“Just as a flower which seems beautiful and has colour but no perfume, so are the fruitless words of the man who speaks them but does them not.” John Dewey, American Philosopher
Politicians are interesting folk. Indeed, there have been many expressions used throughout the ages to describe those who – as they often like to state – put themselves at the service of their country. Understandably, they never stress service of self. However, as with most things in life, politicians come in the shape of the good, the bad and the indifferent.
Late French prime minister Georges Pompidou, in differentiating between a politician and a statesman, once said that a statesman was a politician who placed himself at the service of the nation. A politician, he added, was a statesman who placed the nation at his service.
Then, there was late British Labour Party politician and Opposition Leader Michael Foot who was once described as a good man who had unfortunately fallen among politicians. American actress and entrepreneur of the USA’s Prohibition era, Mary Texas Guinan, once quipped that a politician was a fellow who laid down your life for his country. Late Russian leader Nikita Khrushchev previously asserted that politicians were the same all over. He noted that they would promise earnestly to build a bridge even where there was no river. In the early 20th century, American columnist Franklin Adams, known for his witticisms and for the newspaper column The Conning Tower, once noted that the problem with his country was that there were too many politicians who believed with a conviction based on experience, that they could fool all the people all of the time.
But perhaps the most interesting aspect about politicians is that tussle between their pragmatism and their morality, perhaps, even their pragmatism and their God. Unfortunately, history has shown us time and time again, that in the world of politics pragmatism frequently defeats morality and more often than not diminishes the idea and ideal of God. Politicians in Barbados and the world over often carry out their actions and build a philosophy around their deeds, rather than set forth from any philosophical stance. Indeed, they frequently invent, change or vary their philosophy to suit pragmatic circumstance as they make their way in the world. In politics, pragmatism really has no creed.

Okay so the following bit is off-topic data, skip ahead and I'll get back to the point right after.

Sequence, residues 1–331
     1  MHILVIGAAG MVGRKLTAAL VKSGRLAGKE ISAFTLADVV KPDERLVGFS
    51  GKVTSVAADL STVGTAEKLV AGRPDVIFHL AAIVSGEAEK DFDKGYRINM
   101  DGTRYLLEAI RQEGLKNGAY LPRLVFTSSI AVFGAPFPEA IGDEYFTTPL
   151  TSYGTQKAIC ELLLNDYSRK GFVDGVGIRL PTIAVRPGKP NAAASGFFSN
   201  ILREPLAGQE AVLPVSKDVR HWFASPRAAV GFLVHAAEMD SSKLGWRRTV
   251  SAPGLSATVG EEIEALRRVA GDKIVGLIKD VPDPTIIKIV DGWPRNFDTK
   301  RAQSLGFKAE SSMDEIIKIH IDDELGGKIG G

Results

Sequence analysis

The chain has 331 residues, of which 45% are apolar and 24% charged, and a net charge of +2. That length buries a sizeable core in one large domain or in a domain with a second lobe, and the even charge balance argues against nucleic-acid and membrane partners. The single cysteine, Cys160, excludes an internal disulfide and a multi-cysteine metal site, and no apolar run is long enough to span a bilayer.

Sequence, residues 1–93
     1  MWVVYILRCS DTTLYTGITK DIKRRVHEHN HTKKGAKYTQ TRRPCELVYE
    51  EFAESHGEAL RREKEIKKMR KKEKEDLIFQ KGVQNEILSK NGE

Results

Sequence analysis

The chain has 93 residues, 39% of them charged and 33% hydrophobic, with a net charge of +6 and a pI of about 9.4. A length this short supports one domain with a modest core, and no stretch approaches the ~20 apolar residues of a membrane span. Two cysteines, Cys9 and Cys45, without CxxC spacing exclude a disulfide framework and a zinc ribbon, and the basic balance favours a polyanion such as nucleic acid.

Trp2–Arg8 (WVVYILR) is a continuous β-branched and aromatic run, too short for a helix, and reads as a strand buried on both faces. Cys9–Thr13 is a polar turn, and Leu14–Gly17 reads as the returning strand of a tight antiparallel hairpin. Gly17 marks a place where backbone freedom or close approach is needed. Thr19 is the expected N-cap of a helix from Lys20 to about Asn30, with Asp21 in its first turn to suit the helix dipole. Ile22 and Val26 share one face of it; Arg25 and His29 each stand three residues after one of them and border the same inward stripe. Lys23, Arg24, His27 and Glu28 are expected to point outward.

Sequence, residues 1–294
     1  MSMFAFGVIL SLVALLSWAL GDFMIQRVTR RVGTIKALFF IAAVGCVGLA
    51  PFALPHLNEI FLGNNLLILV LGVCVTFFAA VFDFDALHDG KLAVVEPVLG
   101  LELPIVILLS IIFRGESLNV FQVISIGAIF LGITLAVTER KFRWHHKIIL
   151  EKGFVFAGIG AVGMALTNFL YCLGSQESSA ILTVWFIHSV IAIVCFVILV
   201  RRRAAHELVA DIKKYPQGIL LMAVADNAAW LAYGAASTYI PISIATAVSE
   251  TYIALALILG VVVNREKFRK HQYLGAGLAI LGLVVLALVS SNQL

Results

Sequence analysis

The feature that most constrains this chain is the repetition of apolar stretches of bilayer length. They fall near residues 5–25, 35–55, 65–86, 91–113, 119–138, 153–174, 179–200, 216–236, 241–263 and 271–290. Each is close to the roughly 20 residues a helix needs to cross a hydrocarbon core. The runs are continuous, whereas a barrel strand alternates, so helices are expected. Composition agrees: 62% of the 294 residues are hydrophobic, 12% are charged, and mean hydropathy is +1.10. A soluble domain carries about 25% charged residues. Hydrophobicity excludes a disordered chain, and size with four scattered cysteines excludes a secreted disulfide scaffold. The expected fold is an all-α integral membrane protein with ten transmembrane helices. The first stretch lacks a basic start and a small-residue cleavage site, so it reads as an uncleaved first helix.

We have had situations in Barbados and other countries where politicians seeking to gain access to the corridors of power, do what politicians do. They promise to build bridges over nonexistent rivers. They profess their willingness to give their lives for their country, though the citizens to whom they preach would make for their better sacrifice. They place themselves at the service of the nation but are often quick to change course and allegiances if the nation cannot be put to their own service.
It is because of pragmatism that the friend of yesterday, becomes the swine of today, especially when party or nation cannot be put to one’s own interest or service. Politicians often switch allegiances, not because of battered philosophical moorings, but because their own innate desires have not been met or their egos have been crushed. And they then seek comfort in the bosom of former adversaries while still seeking to sate self-fulfilment. And they will create any philosophy to justify their actions on Monday, even if they spoke differently on Sunday. Hence, a prodigal son returns to a fold having not been previously chased, but seeking once again to satisfy a personal desire not met when he sojourned elsewhere.
And in countries where God or the idea of a deity resonates with the masses – especially the poor – the pragmatist who utilizes God, and does it well, will always have an audience. Religion, as Karl Marx has opined, is indeed the opium of the masses. And pragmatists serve religion in ample doses to the people well. They conjure up images of conversations with their God who directs them towards many paths, ironically, none of which ever has anything to do with religion.
In the midst of pestilence, famine, drought, wars, natural disasters, massacres and destruction, the Divine takes time out of a busy schedule to visit the identity of facilitators of progress into the psyche of the pragmatist. Of course, for the pragmatist, this must be true, it must be made to sound true even in the seat of absurdity. God has always been an easy sell and the pragmatist knows this. He even believes his visions. To his credit, though, his recovery from failure and disappointment is more easily reached than the idealist. If his desires are not met in the new home, the pragmatist can easily build another philosophy and return from whence he came or seek shelter elsewhere. All the while, still praising his God.